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That’s Cold! ALS Ice Bucket Challenge Receives Range of Responses

That’s Cold! ALS Ice Bucket Challenge Receives Range of Responses

Chances are you remember receiving a video clip on social media showing a friend having ice water dumped over their head and then challenging you to either dump a bucket of ice water over your head or donate $100 to the ALS Association within 24 hours of receiving the challenge. Perhaps you continued the chain, sending a video clip of your startled expression as cold ice water ran down your back and people laughed, then challenging a few of your friends to do the same or make a donation. Participants were expected to dump a bucket of ice water over their heads and donate ten dollars to the ALS Association or donate $100 and forgo the ice water. Participants created a video recording of having the ice water dumped on their heads and then challenged a minimum of three friends to participate. These videos were posted on Facebook and shared with the newly challenged individuals.

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In July and August of 2014, the ALS Ice Bucket Challenge became a viral event on social media, involving everyone from grade school students to celebrities in what was widely seen as a fun activity for a good cause. Indeed, amyotrophic lateral sclerosis (ALS) is much more familiar to the public thanks to this event: Facebook users shared more than 1.2 million challenge videos, Twitter users mentioned the challenge more than 2.2 million times during July and August of 2014, and Wikipedia’s article on ALS exploded from an average of 8,000 hits per day before the challenge to some 430,000 hits on the 21st of August. According to an article in the New York Times, The ALS Ice Bucket Challenge raised over 41 million dollars by August 21st. That amount has increased to 114 million dollars as of September 17, 2014.

ALS_ICE_BUCKET_CHALLENGE__PATRICK_GORMAN

Actor Patrick Gorman accepted Randal Burd’s ALS ice bucket challenge.

Amyotrophic lateral sclerosis is a progressive neurodegenerative disease, most famously afflicting baseball legend Lou Gehrig and physicist Steven Hawking. Despite having what one would expect to be an uncontroversial mission of raising money to research a cure for ALS, the phenomenon of the Ice Bucket Challenge is fertile breeding ground for urban legends and intentional misinformation. The ALS Association most recently debunked a fake article published by the satire website Political Ears, in which the ALS Association is accused of admitting to the misuse of Ice Bucket Challenge funds.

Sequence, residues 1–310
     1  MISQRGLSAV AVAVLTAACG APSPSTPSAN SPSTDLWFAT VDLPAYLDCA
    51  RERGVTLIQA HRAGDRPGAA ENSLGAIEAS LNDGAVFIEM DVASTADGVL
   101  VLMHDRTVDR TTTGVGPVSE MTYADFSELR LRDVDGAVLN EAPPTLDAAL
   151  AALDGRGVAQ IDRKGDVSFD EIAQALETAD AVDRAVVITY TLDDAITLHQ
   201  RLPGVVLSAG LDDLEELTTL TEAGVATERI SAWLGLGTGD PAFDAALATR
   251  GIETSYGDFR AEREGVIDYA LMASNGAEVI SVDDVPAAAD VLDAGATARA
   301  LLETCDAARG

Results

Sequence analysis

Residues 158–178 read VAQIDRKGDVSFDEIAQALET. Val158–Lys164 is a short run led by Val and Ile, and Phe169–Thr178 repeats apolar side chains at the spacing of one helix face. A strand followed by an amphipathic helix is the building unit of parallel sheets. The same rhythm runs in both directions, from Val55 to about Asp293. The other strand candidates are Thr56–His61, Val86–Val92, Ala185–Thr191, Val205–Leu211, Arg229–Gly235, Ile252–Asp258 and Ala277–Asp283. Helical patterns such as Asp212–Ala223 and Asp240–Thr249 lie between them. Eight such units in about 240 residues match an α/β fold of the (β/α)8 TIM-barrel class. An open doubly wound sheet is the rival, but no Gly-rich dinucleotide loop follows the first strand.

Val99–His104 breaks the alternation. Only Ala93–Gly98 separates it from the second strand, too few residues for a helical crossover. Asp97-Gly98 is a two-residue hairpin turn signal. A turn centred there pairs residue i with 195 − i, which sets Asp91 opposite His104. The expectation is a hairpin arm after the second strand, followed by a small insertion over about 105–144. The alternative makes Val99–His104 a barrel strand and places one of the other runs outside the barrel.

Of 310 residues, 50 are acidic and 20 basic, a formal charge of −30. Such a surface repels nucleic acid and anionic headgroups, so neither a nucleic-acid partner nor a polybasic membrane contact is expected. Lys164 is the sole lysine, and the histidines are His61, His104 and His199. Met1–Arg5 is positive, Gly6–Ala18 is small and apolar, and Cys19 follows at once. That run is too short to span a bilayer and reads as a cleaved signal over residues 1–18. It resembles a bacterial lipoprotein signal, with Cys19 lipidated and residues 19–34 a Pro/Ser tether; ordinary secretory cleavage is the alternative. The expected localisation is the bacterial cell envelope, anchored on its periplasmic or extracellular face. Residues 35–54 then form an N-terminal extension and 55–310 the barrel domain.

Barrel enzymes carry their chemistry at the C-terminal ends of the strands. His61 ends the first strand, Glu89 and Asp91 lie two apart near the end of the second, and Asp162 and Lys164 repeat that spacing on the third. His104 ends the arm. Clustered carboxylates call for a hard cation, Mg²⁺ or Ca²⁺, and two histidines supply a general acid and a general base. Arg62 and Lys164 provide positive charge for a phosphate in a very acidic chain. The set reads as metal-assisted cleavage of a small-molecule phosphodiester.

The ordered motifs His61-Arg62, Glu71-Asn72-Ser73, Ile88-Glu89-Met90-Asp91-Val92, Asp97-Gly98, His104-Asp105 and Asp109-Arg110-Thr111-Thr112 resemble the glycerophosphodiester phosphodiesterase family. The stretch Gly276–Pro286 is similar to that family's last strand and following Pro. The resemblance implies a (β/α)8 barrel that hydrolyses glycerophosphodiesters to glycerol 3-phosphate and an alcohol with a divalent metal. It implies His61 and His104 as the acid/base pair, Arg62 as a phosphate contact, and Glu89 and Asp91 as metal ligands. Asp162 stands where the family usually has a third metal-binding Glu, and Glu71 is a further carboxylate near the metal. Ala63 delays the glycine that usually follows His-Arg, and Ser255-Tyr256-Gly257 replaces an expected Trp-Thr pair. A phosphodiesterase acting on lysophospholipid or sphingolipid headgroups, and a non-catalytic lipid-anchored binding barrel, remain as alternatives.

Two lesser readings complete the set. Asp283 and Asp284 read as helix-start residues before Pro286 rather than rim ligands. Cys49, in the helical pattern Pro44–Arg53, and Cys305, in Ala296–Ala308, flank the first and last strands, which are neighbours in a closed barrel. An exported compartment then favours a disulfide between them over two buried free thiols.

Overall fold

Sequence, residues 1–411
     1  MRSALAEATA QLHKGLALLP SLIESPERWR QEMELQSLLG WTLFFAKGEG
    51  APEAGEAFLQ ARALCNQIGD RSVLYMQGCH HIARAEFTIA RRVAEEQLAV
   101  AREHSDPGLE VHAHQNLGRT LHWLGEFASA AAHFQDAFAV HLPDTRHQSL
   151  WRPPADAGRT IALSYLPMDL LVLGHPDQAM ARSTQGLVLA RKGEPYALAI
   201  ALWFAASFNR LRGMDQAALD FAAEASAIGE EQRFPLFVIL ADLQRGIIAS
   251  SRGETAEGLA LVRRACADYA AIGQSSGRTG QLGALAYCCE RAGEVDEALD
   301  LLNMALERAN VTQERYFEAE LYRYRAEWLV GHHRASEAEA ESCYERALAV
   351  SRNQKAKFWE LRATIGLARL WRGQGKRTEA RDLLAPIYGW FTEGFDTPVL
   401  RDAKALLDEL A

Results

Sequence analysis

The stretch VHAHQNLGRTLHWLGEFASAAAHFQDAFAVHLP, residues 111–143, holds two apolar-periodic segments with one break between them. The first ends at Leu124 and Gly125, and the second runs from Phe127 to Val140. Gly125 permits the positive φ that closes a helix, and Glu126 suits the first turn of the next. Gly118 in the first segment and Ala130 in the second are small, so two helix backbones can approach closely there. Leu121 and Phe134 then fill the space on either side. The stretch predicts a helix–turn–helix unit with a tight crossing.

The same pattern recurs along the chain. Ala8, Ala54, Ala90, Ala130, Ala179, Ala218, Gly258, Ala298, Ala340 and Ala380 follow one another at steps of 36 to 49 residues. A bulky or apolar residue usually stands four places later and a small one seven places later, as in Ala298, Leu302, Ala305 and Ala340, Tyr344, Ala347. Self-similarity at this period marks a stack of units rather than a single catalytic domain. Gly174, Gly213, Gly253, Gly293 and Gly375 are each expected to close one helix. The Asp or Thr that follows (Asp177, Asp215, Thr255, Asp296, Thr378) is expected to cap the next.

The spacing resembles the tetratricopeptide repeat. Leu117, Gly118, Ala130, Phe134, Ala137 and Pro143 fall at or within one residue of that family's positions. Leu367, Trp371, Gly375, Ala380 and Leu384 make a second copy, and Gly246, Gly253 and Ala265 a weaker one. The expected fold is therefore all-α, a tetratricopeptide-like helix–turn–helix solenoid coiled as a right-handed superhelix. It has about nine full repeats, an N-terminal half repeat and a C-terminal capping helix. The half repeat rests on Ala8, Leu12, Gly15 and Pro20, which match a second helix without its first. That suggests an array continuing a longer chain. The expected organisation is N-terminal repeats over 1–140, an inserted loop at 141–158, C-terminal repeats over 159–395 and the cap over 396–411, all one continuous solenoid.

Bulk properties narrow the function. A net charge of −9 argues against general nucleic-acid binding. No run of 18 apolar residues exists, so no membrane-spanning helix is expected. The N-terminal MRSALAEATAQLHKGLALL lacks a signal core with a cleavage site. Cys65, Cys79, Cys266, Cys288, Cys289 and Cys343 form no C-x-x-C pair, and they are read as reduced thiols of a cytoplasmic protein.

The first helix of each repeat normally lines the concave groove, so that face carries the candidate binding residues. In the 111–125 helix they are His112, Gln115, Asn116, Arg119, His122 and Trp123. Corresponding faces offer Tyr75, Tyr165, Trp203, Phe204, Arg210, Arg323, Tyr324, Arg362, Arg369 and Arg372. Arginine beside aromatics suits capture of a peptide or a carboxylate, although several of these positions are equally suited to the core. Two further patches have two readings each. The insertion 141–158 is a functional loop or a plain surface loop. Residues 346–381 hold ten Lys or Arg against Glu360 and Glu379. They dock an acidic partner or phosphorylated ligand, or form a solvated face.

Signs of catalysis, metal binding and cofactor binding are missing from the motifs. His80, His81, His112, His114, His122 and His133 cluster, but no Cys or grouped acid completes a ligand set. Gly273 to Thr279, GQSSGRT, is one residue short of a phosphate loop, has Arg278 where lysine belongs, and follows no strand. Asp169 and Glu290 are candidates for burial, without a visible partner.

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Criticism of the ALS Ice Bucket Challenge takes up half of the Wikipedia article dedicated to the activity. Critics have taken issue with the campaign for being “too much fun,” and have insulted participants as being armchair clictivists, slactivists, or simply self-congratulatory. It appears multiple critics have suggested that ALS is not a worthy enough cause to enjoy the success of its viral fundraising campaign. A handful of people have publicly refused to participate in the challenge, citing reasons including testing performed on laboratory animals, the use of human embryos in research, and the alleged misuse of funds by the ALS Association. The ALS Ice Bucket Challenge has also been heavily criticized for being too focused on the stunt at the expense of the actual cause, which is funding a cure for ALS.

Bottom Line

Despite criticisms, the ALS Ice Bucket Challenge was an enormously successful fundraising campaign which collected 114 million dollars as of September 17, 2014. The participation of people from many walks of life has inspired record-setting donations and has raised awareness of amyotrophic lateral sclerosis in a unique and impressive manner. The organization meets the high standards set by Charity Navigator, Charity Watch, the Better Business Bureau, and Guidestar.org, which reflects positively on the charity.

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Randal A. Burd Jr. is a freelance writer, educator, and poet from Missouri. He is also a Kentucky Colonel and a genealogy enthusiast.

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